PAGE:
Ear tubes look like tiny spools. They are very small hollow cylinders that are placed into the eardrum, and are recommended when a patient has repeated ear infections or hearing loss caused by persistent middle ear fluid. Recurring ear infections or fluid in the ear can lead to hearing loss, speech and balance issues, and chronic ear damage. These problems most commonly affect children, but adults can also be affected.
Ear tubes allow air to enter the middle ear and prevent fluid from building up behind the eardrum. Ear tube surgery (myringotomy) is done through a microscope. The surgeon makes a small incision in the eardrum with a tiny scalpel, and any fluid behind the eardrum is suctioned. The tube is then placed into the eardrum.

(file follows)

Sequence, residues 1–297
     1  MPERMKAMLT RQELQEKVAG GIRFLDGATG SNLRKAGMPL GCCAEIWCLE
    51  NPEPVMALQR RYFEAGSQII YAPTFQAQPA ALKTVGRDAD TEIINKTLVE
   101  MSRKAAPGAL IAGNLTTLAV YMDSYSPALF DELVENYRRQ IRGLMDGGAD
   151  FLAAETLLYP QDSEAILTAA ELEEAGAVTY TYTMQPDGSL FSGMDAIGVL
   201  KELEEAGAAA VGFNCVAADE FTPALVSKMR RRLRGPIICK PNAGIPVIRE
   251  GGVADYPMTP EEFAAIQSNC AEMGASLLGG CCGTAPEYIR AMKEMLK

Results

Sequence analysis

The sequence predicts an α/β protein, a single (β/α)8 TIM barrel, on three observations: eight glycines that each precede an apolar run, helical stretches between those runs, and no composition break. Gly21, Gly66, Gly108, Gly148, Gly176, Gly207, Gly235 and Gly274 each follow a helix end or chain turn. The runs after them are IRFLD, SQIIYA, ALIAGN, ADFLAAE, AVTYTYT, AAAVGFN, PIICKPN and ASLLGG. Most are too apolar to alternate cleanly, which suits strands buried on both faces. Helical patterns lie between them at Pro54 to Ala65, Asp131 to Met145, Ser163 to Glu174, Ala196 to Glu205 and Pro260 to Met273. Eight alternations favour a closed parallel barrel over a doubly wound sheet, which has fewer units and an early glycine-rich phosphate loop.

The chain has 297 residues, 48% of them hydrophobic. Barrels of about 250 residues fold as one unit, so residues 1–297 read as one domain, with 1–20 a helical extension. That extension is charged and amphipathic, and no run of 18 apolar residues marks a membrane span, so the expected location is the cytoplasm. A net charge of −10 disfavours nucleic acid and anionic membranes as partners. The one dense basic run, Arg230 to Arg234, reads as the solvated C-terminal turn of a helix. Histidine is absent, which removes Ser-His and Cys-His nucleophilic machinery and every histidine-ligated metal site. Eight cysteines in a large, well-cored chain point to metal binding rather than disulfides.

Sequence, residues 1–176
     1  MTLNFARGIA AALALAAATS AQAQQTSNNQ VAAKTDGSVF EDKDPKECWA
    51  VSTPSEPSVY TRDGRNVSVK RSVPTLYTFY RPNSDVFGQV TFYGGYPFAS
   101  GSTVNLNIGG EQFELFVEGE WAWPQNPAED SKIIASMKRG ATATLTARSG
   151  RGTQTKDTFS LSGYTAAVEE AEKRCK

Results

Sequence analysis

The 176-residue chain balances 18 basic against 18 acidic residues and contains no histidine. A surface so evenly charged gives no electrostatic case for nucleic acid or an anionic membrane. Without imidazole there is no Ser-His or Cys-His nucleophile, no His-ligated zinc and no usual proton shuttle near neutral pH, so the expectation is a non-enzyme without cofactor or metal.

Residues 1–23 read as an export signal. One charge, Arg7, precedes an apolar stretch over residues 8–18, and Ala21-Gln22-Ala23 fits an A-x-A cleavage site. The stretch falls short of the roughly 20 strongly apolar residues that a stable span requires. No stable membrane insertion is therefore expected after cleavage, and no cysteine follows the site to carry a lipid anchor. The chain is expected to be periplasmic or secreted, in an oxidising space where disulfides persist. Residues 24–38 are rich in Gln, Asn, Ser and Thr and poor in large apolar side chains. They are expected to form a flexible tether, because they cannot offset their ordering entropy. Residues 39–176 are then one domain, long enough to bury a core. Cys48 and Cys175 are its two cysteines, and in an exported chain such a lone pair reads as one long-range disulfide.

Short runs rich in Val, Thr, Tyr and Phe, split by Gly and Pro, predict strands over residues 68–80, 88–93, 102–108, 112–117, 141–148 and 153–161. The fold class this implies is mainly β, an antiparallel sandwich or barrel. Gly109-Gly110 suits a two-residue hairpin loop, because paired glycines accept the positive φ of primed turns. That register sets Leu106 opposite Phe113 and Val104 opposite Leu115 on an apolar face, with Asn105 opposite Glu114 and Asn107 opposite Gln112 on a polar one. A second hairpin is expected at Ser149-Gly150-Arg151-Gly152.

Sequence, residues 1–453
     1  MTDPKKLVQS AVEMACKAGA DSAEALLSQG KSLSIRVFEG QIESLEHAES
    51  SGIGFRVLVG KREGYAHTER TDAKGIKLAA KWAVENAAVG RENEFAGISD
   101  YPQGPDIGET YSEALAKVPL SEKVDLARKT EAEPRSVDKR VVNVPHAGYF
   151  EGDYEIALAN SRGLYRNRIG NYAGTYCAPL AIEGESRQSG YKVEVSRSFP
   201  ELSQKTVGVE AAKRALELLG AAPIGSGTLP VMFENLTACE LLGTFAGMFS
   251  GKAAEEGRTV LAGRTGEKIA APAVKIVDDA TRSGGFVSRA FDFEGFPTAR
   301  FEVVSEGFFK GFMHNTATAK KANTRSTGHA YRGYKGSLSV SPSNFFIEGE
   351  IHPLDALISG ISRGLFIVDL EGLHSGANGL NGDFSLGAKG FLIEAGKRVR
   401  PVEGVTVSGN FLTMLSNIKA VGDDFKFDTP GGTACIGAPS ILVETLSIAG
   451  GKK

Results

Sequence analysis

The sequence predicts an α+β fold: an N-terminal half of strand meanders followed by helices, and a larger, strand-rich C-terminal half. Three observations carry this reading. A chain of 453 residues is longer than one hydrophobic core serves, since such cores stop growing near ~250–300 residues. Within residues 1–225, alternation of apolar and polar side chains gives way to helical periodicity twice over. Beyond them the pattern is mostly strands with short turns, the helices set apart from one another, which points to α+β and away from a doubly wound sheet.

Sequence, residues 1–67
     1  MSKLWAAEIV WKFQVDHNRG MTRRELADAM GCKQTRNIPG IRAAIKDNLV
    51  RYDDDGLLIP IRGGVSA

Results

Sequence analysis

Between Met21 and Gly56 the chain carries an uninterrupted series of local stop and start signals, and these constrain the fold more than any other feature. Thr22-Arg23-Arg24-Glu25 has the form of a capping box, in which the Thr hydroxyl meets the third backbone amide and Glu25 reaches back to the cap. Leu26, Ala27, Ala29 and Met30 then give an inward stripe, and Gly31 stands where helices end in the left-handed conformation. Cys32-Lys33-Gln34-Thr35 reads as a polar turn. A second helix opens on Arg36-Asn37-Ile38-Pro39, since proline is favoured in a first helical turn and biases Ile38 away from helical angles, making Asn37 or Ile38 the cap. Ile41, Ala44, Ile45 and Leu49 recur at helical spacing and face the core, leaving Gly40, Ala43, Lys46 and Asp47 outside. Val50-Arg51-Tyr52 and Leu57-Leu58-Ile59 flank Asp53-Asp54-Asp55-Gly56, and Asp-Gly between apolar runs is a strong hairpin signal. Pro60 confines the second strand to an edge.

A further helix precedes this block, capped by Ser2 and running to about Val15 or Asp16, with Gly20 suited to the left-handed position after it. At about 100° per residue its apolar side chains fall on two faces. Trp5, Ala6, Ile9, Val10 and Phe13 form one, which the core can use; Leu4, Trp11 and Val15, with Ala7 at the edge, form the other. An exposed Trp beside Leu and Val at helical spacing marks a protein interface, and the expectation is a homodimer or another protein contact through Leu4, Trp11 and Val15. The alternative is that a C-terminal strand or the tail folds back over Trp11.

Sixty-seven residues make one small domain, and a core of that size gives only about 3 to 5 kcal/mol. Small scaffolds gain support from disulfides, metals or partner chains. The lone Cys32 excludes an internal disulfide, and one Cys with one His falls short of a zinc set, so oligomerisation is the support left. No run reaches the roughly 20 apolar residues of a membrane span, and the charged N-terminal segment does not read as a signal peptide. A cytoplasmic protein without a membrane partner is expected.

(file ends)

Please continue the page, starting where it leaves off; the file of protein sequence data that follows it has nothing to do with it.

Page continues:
General anesthesia is often required in young children, but older children and adults can have ear tubes placed under local anesthesia. After surgery, hearing loss caused by fluid will immediately resolve. Speech and balance problems may take longer to improve. Ear drops may be prescribed after surgery. The otolaryngologist will order a hearing test to make sure hearing has improved. Ear tubes should be checked by the doctor every few months to make sure they do not cause problems and eventually fall out.